View full screen - View 1 of Lot 18. A George I Walnut Longcase Clock, Daniel Quare, London, No. 156, Circa 1715.
18

A George I Walnut Longcase Clock, Daniel Quare, London, No. 156, Circa 1715

Estimate:

15,000 - 25,000 USD

Collection of Jane and Jonathan Weld

A George I Walnut Longcase Clock, Daniel Quare, London, No. 156, Circa 1715

A George I Walnut Longcase Clock, Daniel Quare, London, No. 156, Circa 1715

Estimate:

15,000 - 25,000 USD

Lot sold:

11,970

USD

Collection of Jane and Jonathan Weld


A George I Walnut Longcase Clock, Daniel Quare, London, No. 156, Circa 1715

the 12 inch dial with mask and scroll spandrels, matted centre with subsidiary seconds dial, signed and numbered in a plain reserve Dan Quare, London, 156, the arch with large date dial, the movement with five knopped and ringed pillars, anchor escapement and rack striking on a bell, the case with caddy top and brass ball finials above foliate frieze frets and brass-capped hood pillars, the rectangular trunk door and cross-banded plinth veneered in well figured wood of rich colour, on a stepped base


height 94 in.; width 19 1/4 in.; depth 10 3/4 in.

238.8 cm; 48.9 cm; 27.3 cm

To request a condition report for this lot, please contact DecorativeArtsNY@sothebys.com.


The lot is sold in the condition it is in at the time of sale. The condition report is provided to assist you with assessing the condition of the lot and is for guidance only. Any reference to condition in the condition report for the lot does not amount to a full description of condition. The images of the lot form part of the condition report for the lot. Certain images of the lot provided online may not accurately reflect the actual condition of the lot. In particular, the online images may represent colors and shades which are different to the lot's actual color and shades. The condition report for the lot may make reference to particular imperfections of the lot but you should note that the lot may have other faults not expressly referred to in the condition report for the lot or shown in the online images of the lot. The condition report may not refer to all faults, restoration, alteration or adaptation. The condition report is a statement of opinion only. For that reason, the condition report is not an alternative to taking your own professional advice regarding the condition of the lot. NOTWITHSTANDING THIS ONLINE CONDITION REPORT OR ANY DISCUSSIONS CONCERNING A LOT, ALL LOTS ARE OFFERED AND SOLD "AS IS" IN ACCORDANCE WITH THE CONDITIONS OF SALE/BUSINESS APPLICABLE TO THE RESPECTIVE SALE.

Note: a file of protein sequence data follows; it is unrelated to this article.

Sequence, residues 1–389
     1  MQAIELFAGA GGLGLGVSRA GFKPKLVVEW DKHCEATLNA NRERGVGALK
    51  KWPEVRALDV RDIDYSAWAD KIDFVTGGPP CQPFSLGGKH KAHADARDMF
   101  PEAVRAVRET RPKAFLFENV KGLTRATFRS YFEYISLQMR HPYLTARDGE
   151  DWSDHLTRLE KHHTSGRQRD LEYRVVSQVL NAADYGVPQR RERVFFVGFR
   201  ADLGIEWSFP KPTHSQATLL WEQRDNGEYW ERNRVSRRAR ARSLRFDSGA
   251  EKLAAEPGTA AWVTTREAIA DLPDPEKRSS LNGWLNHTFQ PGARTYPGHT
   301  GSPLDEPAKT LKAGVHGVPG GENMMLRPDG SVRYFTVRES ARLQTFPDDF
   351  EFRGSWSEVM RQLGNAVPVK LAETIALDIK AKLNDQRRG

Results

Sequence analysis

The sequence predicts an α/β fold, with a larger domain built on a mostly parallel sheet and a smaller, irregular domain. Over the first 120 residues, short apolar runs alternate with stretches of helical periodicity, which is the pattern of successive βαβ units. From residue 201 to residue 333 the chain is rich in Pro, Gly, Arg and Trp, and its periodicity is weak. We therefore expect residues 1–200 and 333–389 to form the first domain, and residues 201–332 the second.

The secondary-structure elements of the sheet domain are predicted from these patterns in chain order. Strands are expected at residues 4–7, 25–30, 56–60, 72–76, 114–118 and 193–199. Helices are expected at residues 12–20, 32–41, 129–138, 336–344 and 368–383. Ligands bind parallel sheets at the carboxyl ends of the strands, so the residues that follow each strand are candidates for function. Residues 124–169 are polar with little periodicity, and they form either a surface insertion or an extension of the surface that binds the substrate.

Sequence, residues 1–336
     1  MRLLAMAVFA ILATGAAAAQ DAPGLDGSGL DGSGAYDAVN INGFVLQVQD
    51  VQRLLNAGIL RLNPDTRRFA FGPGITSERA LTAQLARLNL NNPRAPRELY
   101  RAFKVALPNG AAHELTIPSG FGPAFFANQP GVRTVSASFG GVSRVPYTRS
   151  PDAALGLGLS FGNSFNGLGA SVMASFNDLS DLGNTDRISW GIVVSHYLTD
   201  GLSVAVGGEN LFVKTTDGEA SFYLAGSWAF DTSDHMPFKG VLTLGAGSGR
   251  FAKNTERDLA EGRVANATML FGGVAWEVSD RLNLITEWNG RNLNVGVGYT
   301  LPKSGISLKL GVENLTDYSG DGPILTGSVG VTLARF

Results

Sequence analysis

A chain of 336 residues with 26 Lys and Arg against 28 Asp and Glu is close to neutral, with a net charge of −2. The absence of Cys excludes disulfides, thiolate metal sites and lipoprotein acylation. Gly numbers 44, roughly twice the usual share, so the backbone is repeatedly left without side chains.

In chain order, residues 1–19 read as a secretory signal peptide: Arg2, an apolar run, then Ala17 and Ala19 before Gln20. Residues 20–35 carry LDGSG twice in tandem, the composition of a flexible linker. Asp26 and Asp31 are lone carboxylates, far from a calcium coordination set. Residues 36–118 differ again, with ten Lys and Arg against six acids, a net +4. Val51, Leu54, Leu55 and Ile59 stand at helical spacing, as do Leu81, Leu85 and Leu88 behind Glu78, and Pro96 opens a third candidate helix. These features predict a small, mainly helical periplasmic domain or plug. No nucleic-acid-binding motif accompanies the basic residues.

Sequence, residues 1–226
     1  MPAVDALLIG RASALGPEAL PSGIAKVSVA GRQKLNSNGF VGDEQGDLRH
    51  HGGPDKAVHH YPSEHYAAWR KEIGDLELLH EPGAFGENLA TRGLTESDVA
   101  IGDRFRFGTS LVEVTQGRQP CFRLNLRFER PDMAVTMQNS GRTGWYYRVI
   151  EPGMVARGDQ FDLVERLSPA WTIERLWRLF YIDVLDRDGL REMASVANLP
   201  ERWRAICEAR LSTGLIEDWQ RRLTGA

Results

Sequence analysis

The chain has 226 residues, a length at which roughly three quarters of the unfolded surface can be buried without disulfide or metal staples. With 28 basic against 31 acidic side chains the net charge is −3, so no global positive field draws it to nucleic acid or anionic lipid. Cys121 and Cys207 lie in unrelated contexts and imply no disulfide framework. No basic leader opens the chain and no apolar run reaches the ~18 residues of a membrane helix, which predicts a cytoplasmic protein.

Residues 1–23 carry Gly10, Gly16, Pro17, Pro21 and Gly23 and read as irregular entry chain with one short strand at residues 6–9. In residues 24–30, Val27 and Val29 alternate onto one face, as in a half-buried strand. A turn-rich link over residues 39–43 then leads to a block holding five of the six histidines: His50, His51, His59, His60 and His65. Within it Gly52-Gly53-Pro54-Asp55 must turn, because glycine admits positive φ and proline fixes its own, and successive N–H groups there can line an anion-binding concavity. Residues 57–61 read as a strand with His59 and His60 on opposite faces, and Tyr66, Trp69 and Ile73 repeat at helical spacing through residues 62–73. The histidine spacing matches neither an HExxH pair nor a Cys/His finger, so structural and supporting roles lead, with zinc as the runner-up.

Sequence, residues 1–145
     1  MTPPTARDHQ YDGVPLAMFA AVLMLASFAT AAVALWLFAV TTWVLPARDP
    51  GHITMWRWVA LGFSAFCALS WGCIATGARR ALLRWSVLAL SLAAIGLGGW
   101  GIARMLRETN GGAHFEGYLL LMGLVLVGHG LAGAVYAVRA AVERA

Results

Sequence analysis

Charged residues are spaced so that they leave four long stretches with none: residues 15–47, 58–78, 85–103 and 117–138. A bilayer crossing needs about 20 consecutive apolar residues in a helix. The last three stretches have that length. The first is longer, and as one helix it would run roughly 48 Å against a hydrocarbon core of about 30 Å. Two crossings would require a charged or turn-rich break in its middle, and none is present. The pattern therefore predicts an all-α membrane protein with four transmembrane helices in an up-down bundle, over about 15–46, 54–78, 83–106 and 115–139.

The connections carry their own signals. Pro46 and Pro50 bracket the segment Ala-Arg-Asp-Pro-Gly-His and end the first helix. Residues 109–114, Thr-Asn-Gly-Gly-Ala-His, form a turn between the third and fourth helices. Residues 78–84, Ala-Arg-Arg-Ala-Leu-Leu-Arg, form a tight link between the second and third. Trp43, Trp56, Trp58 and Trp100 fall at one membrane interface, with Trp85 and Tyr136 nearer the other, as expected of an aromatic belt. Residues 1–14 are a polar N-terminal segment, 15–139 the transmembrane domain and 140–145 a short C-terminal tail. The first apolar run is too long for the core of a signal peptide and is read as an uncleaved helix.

Anthony Woodburn, Kent
Daniel Quare (1648 or 1649-1724) is believed to have been from Somerset. A highly esteemed watchmaker, Quare was admitted to the Clockmakers’ Company in 1671, later becoming Master in 1708. Quare established himself as an important horological innovator by inventing a repetition mechanism for watches. As a Quaker, Quare was unable to be appointed Royal Clockmaker; however, as Cedric Jagger notes in his book Royal Clocks, Quare 'was given free access via the Back Stairs.' Indeed, Quare was well connected both at home and abroad, a fact borne out by the impressive wedding guest lists of his daughters Anne and Elizabeth, which boasted noble families and envoys from around Europe. In 1718 Quare went into partnership with Stephen Horseman, after which their work was signed Quare & Horseman’. Daniel Quare is buried at the Quakers’ cemetery at Bunhill Fields, Finsbury.